How to Help Your Teenager Deal with the Long-Term Effects of Emotional Trauma
As a young person grows from childhood into young adulthood, the brain undergoes a significant number of changes. Negative events that take place during this time can lead to long-term negative effects. This is due to the effects of trauma.
Teen emotional trauma is really quite common. In fact, one study published in Minerva Pediatrica found that teenagers with PTSD were more common than adults with the disorder. Emotional trauma in teens may stem from one traumatic event, or it may come from a series of events that impact the emotions and the brain.
Parents who are concerned about their teenager’s behavior need to know whether behavior comes from trauma or something else. Learning to identify long-term effects of trauma will help families get appropriate help for their struggling teens.
Example of Childhood Traumatic Events in Childhood
Long-Term Effects of Emotional Trauma on Teens
Regardless of the reason for the trauma, if a teenager suffers emotional trauma, they can have long-term, life-altering effects. These include:
- Concentration difficulties – When the brain is in flight-or-fight mode, concentrating is difficult.
- Decreased academic performance – When teens can’t concentrate, they can’t do well in school.
- Mood swings – The anger, sadness, and depression of trauma can sometimes fluctuate and turn into feelings of elation.
- Extended feelings of sadness – Teens who are struggling with trauma may end up with deep, clinical depression.
- Physical muscle pain – Mental health concerns can actually cause physical pain.
- Sleeping difficulties – Sleeping too much or too little can both be signs of trauma, as can disturbing dreams.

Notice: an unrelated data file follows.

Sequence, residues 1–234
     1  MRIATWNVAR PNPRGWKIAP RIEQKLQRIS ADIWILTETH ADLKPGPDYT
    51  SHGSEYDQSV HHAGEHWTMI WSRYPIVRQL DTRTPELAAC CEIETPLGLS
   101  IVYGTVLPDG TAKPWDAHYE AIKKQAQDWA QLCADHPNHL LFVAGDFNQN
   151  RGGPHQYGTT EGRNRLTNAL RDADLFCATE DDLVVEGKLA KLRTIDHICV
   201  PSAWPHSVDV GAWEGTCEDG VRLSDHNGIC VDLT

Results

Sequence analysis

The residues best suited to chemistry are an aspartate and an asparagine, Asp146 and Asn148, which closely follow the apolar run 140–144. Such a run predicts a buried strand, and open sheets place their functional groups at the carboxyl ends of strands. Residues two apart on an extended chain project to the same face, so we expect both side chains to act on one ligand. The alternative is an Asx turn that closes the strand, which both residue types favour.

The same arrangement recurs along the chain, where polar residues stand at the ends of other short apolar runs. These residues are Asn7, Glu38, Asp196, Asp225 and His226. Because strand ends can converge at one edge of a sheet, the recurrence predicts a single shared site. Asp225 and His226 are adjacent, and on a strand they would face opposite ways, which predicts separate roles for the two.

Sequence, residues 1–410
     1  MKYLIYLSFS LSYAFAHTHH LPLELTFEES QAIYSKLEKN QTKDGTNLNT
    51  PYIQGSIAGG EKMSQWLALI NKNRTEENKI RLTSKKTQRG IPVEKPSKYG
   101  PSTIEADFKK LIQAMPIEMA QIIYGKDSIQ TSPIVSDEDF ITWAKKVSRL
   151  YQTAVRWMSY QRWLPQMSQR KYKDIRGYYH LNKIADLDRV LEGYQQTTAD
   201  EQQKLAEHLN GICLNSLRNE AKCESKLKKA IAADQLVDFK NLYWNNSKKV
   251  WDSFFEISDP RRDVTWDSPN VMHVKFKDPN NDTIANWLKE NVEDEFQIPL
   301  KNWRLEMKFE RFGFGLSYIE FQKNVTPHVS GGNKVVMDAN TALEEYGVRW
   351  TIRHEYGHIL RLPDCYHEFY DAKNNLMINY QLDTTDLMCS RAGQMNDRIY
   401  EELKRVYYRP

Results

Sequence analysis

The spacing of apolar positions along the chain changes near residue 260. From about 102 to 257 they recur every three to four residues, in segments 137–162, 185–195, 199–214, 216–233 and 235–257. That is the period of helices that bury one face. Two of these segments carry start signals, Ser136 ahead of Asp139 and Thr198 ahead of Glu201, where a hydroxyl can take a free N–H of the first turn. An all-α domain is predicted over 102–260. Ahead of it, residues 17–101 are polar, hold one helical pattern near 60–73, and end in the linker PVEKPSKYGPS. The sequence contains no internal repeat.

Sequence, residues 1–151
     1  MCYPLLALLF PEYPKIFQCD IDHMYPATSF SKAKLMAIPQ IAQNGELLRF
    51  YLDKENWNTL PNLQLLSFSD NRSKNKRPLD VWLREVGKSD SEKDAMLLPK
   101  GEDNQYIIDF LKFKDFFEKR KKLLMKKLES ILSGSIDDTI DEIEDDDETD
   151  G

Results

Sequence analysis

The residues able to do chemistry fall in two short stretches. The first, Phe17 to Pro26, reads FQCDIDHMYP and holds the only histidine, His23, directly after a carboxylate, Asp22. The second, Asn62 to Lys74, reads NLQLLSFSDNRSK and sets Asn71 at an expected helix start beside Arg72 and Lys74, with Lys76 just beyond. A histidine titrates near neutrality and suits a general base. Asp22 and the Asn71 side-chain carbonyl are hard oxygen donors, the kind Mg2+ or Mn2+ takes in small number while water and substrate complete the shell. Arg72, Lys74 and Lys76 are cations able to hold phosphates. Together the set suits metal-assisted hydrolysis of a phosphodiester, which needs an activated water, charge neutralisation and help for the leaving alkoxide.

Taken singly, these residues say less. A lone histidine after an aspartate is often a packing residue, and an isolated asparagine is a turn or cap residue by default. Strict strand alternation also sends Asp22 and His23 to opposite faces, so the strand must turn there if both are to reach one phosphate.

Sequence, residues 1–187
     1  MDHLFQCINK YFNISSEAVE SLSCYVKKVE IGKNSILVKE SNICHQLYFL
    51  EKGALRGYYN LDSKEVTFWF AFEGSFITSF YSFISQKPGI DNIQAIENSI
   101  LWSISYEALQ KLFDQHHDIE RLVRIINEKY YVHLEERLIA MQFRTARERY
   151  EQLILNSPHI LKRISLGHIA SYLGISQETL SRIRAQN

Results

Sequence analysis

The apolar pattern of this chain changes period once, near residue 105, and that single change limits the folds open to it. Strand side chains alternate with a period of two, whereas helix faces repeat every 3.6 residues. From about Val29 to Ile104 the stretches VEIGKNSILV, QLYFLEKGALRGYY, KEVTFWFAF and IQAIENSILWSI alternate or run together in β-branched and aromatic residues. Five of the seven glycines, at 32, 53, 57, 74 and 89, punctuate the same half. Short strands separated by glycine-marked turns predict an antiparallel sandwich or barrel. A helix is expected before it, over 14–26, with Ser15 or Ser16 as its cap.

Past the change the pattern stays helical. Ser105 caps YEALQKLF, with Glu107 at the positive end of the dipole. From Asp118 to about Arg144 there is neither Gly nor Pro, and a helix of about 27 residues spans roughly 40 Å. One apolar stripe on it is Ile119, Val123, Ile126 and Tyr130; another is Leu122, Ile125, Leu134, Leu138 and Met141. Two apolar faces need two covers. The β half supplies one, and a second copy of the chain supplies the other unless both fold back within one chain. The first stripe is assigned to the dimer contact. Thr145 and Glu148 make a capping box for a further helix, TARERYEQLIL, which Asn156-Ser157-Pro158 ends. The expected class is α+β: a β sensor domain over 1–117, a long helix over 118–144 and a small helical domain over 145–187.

- Ongoing fatigue – Even if a teen is sleeping well, trauma can cause ongoing problems with fatigue.
- Feelings of agitation – Feeling “on edge” is a common sign of trauma.
- Shame and guilt – teenagers often struggle with feeling like they caused the traumatic event.
- Eating disorders – Teenagers with eating disorders are often suffering from trauma.
- Feeling nothing – Numbing out to emotions can also be a result of trauma.
- Violent behavior – Anger and rage can lead to violent acting out.
FAQ About Long-Term Effects of Trauma
If you have a teenager who is dealing with some of these concerns, you probably have a lot of questions. Here are some common questions and answers that can help you on the path toward helping your teenager thrive again. Teen trauma is quite common, too. By the age of 16, more than 2/3 of the children in the United States will have experienced a traumatic event, and many of those go on to develop long-term effects of trauma.
What is teen trauma?
Why are teens so susceptible to emotional trauma?
How can I handle the long-term effects of trauma in my teenager?
What role does exercise play in addressing trauma?
How can parents encourage more social activities?
Will teen emotional trauma get better on its own?
What therapeutic approaches work best for teen trauma?
Teen emotional trauma requires evidence-based mental health treatment to successfully treat. While there are many approaches a therapy team can take, these are some of the most effective treatment options:
- Cognitive Processing therapy
- Cognitive Behavioral therapy that understands trauma
- Dialectical Behavioral therapy
- Eye Movement Desensitization and Reprocessing
- Somatic therapy (body-based)
- Play therapy (for young teenagers)
In addition, many teens can benefit substantially from seeking therapy in a residential setting, where they can focus on healing and growth outside of the pressures of daily life.